In the near future, civilization has broken down to the barest fragment of recognizable life. Young people are forming gangs and dominating the wrecks of cities like London. But the ...
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Quatermass emerges from the car park to find the stadium empty. So many have now been harvested that the particles of dust in the air have turned the sky green. Kapp attempts to repair his equipment ...
Professor Quatermass comes out of retirement to search for his missing granddaughter and finds a world on the verge of anarchy, and an American-Russian space station destroyed by unknown forces. He ...
Quatermass is rescued by a group of elderly people living in a scrap yard. At the hospital, the doctors are shocked when Isabel levitates off her bed and explodes in a cloud of dust. Elsewhere, the ...
A separate screenplay by Nigel Kneale for theaters, parallel to the 1979 Quatermass four part mini-series. The story set in the near future involves influences from outer space that are possessing people. Professor Quatermass must save his granddaughter from the clutches of a popular and sinister cult "Planet People" that "performs raptures".
Professor Quatermass is trying to perfect a dangerously unstable nuclear-powered rocket engine. After a disastrous test firing in Australia, his soon-to-be son-in-law, Captain John Dillon, ... See full summary »
Professor Bernard Quatermass, Director General of the British Experimental Rocket Group, launches the first manned space flight from Australia. A malfunction sends the rocket and its three ... See full summary »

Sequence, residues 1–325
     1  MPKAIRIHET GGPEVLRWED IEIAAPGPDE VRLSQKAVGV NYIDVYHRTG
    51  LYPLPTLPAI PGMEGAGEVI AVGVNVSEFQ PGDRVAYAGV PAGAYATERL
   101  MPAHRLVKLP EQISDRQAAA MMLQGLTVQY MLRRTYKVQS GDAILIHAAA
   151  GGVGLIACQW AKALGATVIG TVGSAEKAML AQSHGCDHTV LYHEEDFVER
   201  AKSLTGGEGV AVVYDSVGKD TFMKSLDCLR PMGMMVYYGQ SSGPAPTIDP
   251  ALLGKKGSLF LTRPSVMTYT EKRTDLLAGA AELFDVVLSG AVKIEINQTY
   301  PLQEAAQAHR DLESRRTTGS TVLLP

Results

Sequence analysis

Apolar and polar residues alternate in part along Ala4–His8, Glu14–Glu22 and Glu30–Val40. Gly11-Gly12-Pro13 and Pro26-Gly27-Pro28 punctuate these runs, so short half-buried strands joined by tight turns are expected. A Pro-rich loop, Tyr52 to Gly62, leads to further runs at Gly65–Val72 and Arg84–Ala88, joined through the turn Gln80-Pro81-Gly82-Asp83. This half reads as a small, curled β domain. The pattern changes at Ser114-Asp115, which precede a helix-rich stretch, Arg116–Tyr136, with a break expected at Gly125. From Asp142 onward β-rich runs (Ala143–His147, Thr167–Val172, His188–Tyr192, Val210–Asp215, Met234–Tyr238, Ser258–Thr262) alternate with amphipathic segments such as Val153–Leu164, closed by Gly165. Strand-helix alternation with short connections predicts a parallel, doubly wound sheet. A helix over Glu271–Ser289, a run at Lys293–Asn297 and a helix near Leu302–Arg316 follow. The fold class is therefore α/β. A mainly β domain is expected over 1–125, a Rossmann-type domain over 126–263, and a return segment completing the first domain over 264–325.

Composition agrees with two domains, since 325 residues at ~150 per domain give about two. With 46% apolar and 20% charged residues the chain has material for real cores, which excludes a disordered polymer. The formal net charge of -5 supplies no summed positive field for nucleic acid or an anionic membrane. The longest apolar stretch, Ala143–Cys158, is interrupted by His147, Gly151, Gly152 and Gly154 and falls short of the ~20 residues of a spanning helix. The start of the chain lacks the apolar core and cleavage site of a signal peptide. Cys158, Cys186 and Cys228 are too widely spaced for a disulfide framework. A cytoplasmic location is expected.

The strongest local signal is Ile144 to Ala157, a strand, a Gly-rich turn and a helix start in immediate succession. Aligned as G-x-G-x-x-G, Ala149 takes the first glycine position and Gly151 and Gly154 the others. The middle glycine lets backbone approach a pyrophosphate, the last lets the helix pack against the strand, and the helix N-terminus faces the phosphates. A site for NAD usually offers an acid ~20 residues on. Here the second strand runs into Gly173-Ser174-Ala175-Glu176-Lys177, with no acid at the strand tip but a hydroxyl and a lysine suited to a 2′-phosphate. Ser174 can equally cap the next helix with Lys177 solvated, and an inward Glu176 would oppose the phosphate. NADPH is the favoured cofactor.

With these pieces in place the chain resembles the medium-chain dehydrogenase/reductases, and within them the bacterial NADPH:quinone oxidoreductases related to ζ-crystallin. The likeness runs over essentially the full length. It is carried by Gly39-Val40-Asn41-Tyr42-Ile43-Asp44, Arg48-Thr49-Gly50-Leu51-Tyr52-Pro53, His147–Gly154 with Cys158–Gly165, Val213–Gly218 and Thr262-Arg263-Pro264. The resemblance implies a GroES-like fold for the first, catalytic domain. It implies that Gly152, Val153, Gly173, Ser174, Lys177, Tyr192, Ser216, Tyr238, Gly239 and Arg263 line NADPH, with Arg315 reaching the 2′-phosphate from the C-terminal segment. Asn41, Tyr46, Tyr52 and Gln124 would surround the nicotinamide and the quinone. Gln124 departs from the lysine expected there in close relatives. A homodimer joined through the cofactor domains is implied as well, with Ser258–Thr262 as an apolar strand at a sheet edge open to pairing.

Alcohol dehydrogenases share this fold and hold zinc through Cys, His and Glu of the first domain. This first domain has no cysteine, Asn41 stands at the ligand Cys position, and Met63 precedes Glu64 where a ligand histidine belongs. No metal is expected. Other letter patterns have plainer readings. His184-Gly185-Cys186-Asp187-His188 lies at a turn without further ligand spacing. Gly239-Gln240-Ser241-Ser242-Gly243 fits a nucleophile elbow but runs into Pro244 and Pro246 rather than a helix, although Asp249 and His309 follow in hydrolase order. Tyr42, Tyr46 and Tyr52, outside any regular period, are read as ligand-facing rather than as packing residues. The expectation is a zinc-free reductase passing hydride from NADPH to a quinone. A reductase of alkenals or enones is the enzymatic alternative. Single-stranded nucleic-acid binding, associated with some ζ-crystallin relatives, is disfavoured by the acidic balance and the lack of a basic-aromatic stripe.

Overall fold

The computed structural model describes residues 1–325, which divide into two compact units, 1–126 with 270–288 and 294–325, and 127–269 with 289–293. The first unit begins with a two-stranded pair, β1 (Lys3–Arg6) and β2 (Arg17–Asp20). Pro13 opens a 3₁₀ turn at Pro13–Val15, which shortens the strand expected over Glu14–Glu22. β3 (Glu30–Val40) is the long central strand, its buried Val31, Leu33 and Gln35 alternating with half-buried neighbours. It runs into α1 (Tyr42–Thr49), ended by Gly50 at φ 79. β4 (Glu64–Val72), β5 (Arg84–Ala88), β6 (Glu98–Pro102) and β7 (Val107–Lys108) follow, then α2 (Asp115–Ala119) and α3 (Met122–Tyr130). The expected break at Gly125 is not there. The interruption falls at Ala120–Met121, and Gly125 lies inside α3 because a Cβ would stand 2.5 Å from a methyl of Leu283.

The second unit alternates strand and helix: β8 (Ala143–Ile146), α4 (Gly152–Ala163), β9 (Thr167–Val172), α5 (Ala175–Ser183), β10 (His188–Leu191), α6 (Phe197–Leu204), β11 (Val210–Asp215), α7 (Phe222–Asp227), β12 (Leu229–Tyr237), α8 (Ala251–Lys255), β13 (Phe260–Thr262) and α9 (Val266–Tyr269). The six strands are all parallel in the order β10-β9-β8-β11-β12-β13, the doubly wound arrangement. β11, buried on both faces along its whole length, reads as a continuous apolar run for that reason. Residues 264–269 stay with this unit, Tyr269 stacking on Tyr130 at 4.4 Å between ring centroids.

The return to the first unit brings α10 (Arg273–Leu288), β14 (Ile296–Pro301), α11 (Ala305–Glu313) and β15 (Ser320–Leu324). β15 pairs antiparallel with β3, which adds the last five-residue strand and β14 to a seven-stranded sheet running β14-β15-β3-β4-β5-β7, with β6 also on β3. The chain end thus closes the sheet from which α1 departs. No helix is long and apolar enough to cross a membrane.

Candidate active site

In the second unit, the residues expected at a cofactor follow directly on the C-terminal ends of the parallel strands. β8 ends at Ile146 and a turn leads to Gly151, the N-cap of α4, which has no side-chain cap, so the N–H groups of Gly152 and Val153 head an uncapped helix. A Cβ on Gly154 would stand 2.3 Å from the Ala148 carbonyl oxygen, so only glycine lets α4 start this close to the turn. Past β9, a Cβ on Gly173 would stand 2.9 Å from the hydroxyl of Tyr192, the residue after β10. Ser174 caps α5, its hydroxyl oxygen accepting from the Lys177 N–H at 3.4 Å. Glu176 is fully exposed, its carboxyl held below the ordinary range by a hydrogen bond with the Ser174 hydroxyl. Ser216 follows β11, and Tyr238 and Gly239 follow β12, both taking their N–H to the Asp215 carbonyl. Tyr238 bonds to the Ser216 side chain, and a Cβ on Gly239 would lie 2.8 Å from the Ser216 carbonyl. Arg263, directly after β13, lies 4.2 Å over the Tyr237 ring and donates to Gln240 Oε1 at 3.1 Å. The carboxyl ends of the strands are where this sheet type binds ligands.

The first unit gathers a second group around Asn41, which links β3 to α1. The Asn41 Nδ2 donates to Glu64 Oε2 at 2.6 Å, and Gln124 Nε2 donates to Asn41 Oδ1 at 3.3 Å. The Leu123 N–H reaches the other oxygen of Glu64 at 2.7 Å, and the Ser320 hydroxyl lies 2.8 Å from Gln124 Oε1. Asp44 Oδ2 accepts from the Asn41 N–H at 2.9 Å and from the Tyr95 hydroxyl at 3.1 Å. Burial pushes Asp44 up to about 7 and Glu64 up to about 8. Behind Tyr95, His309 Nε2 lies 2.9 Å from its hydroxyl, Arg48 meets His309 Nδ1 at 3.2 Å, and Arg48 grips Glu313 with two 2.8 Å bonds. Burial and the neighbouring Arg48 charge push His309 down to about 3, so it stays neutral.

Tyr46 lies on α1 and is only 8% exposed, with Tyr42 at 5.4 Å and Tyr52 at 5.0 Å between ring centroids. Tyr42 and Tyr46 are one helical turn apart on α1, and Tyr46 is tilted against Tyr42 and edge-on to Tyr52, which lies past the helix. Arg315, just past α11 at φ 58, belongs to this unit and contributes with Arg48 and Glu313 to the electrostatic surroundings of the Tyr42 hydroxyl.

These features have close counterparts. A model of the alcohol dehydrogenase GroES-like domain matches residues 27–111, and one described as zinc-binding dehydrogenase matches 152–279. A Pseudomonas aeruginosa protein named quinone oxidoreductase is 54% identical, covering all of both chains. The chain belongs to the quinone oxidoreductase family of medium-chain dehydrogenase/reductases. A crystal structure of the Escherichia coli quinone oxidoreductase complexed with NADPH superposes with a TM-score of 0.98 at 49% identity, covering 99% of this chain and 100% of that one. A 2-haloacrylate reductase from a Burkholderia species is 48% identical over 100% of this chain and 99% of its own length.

In the near future, civilization has broken down to the barest fragment of recognizable life. Young people are forming gangs and dominating the wrecks of cities like London. But the strangest Earth children are the "Planet People", following plumb-bobs to sacred sites, waiting to be "taken up". Professor Quatermass (Sir John Mills), seeking his granddaughter, teams up with Joe Kapp (Simon MacCorkindale), who is trying to analyze strange signals from space using the last working pieces of electronic equipment. They find the "Planet People" at a nearby stone circle, a light appears, the signal appears, and the hippy children are gone. Russian plot? Nirvana? Or something altogether more sinister?Written by
See the 4-hour miniseries instead of the edited movie.
I recently watched the complete four-hour version of Nigel Kneale's British miniseries "Quatermass." I had seen an edited movie version called "The Quatermass Conclusion" some years earlier. The verdict: The miniseries is superior. It expands on several subplots (of course) and offers richer characterizations. John Mills makes an excellent Quatermass--somewhat befuddled at the outset, but strong and clear of mind when the survival of the world is at stake. Granted, the production is not as polished as the movie version of "Quatermass and the Pit" (the music, in particular, sounds like it costs a couple of hundred bucks). But the ideas are intriguing and that darn nursery rhyme about Ringstone Round is still running around my brain. Kneale wrote a novelization of the miniseries that clarifies a few vague points.
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